more » ... n, giving direct or positive evidence, and .roentgenograms giving indirect or negative evi¬ dence, call attention to the site of the real pathologic condition. 6. Gastric Crues.-The hardest lesson to learn about abdominal disease is that of "gastric crises," due to no disease within the abdomen itself, but to disease in the spinal cord. These crises come at irregular inter¬ vals, weeks or months apart, with good health between. They last for days or weeks, and the attacks are char¬ acterized by intense pain and by vomiting, so that the patient fears to take food and cannot keep it if he does. No wonder the first thought with such a history is of some disease of the stomach ; and commonly of ulcer as corresponding most closely in its manifesta¬ tions. The physical examination of the abdomen is negative in such case ; and the stomach contents most often show hyperchlorhydria after an attack is over. It is not surprising, therefore, if such symptoms have in the past misled us, even to the point of advising a gastro-enterostomy to prevent their repetition. Now, however, the negative roentgenographic findings come to our rescue, to save us from error ; and at all times, even without roentgenograms, we have other definite signs to point out the real disease, if only we take the trouble to look for them. First, these signs consist in alteration of reflexes, in one pupil or both ; in patellar or Achilles tendons, perhaps only on one side; or in the plantar reactions to stimuli. Second, and most important, lumbar puncture and examination of spinal fluid for cell count and Wassermann reaction afford the most constant clue to the real disease present. Gastric Neuroses.-These are still mentioned in the textbooks, in the differential diagnosis of ulcer, but their existence outside of textbooks must be considered very dubious. A history resembling that of ulcer, with hyperchlorhydria, does not occur without some path¬ ologic condition somewhere in the body, usually in the abdomen, to explain it. In times past this "acid dys¬ pepsia" has been considered as a possible result of a disturbance of the nervous system only; but such a supposition, with our increased facilities for eliciting facts, is no longer tenable. The exact cause of the clinical picture may not always be obvious, but one always exists, and careful search will sooner or later reveal it. CONCLUSIONS We have heretofore been too ready to diagnose ulcer, when it did not exist, because the history was typical ; but now we have learned how many other conditions may simulate this history, and we demand other data in addition to the patient's story. On the other hand, when the history was not typical, ulcer was not suggested by it and we were likely to overlook its existence because our other means of recognition were so meager. Now we have learned that the patient's story of his ailment is not always the same ; that some feel less discomfort from an ulcer than others do ; and that only a part of the classical symptoms may be present, even when hyperchlorhydria is found and roentgenograms show definitely a pyloric defect or a deformed cap. The only way to avoid error, there¬ fore, is to trust to no one elemenf in the diagnosis ; but to collect our data by history, by physical exam¬ ination, by laboratory reports, and by fluoroscopic examinations and roentgenograms ; and then to piece these data together as a child does the parts of a pic¬ ture-puzzle, to see what they will ultimately make. Fifty years ago Thomas Huxley wrote: Sit down humbly before facts as a little child, be prepared to give up every preconceived notion, follow humbly wherever and to whatever abyss nature leads, or you shall learn nothing. I have only begun to learn content and peace of mind since I have resolved at all costs to do this. For a number of years, there have appeared from time to time books by various authors purporting to give to the reader a complete understanding of blood pressure, the causation and the measuring of changes in the various factors, and the blood-pressure conditions to be found in all diseases. Independent observers have also put forth formulas for the determination, by means of blood-pressure estimation, of cardiac efficiency. Recently I have had the opportunity of studying blood-pressure findings in a large number of army officers and candidates for commissions in the army, chiefly in men over 30 years of age, medical officers being in a large majority. I am not here presenting statistics as to the distribution of these cases among different age periods, or as to the classifying of the blood-pressure readings obtained; for, while these figures might be of interest, it does not seem to me that such statistics help us to understand the conditions presented by the individual. What I wish to do is to point out some of the conditions met in this mass of material, to discuss the interpretation of the findings, and to suggest a new point of study in the analysis of blood pressures. Most of the medical officers examined came to camp from a considerable distance, and were examined the day after their arrival, without opportunity for rest after the long journey. Being physicians, they were almost universally very nervous over the ordeal of the examination. Most of them were naturally con¬ stipated, and this constipation was increased by the journey, by the change of routine, and by the change in diet. To many, sleep under camp conditions was at first difficult. From all of these causes, it was not surprising that a large number of the candidates showed an elevation of the systolic blood pressure. In a great majority of such cases, however, rest, catharsis, and the fact of becoming accustomed to the new rou¬ tine of life, soon brought the blood pressure down to within normal limits. It served to demonstrate in a very striking way the effect of overwork, .nervous strain, psychic stimulation, and constipation, in raising blood pressure.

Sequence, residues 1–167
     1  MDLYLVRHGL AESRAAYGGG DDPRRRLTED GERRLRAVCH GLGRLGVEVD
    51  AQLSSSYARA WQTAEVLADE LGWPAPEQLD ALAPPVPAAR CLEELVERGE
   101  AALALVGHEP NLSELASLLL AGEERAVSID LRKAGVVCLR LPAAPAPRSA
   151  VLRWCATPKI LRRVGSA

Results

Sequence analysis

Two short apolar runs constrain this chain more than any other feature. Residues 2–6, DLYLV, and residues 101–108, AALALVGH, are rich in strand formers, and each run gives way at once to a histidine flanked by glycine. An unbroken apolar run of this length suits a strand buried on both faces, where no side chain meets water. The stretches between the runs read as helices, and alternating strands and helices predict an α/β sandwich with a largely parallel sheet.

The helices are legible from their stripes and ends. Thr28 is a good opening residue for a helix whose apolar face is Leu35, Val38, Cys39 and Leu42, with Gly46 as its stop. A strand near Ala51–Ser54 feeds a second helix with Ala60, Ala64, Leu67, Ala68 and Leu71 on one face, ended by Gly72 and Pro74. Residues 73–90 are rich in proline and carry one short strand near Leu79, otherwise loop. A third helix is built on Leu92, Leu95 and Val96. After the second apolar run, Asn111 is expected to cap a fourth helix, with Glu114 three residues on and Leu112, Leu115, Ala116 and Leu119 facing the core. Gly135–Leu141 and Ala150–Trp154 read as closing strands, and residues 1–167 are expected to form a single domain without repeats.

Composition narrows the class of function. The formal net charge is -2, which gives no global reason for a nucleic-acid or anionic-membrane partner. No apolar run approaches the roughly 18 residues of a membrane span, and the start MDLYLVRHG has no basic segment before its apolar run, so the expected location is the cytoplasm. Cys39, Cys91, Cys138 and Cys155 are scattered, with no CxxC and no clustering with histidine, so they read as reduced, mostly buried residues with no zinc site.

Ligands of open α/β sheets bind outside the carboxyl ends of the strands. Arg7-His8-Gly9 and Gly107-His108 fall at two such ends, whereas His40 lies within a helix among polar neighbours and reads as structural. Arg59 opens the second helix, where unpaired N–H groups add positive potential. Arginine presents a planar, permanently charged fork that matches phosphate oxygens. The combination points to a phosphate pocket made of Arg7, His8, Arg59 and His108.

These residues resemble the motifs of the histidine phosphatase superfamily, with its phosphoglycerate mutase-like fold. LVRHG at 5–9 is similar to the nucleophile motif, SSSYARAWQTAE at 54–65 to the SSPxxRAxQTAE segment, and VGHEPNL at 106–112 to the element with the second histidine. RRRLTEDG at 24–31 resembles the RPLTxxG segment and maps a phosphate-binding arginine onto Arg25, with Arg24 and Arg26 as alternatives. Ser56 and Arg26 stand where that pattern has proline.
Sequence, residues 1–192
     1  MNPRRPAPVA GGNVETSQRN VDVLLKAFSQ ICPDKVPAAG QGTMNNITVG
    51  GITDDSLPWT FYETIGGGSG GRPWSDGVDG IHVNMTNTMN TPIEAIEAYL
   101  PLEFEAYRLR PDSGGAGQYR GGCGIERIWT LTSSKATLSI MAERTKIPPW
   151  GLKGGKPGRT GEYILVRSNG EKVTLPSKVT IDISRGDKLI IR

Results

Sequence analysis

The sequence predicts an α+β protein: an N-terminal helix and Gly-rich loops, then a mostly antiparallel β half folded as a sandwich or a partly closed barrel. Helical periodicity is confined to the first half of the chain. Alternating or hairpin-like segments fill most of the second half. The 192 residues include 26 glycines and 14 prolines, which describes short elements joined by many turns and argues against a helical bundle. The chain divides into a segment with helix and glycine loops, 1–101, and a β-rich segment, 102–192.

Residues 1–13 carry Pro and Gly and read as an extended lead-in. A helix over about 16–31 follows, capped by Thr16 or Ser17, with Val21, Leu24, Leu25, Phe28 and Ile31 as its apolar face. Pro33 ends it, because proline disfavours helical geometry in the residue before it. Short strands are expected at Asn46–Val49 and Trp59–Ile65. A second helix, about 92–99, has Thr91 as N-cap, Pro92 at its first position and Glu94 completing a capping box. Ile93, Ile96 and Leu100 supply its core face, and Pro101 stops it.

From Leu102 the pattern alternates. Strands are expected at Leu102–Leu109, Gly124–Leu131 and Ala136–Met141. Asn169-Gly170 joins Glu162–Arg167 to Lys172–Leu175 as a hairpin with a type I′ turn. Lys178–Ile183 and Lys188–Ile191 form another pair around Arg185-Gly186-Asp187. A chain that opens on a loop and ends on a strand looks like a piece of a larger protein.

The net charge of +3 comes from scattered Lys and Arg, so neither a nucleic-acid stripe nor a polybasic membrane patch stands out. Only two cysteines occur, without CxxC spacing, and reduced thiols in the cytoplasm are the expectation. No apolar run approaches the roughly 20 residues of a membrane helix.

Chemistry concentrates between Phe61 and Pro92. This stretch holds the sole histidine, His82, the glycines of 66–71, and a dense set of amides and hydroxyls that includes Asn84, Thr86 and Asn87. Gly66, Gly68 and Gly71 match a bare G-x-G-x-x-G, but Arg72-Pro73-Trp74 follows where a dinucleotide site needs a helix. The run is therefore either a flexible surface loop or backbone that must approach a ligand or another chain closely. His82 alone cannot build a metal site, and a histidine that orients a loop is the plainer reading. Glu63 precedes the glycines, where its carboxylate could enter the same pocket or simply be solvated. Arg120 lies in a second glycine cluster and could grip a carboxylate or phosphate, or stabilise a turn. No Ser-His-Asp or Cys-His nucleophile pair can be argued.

doi:10.1001/jama.1919.02610200004002 fatcat:tor76oowtrfkjlnnygrqpqmcvq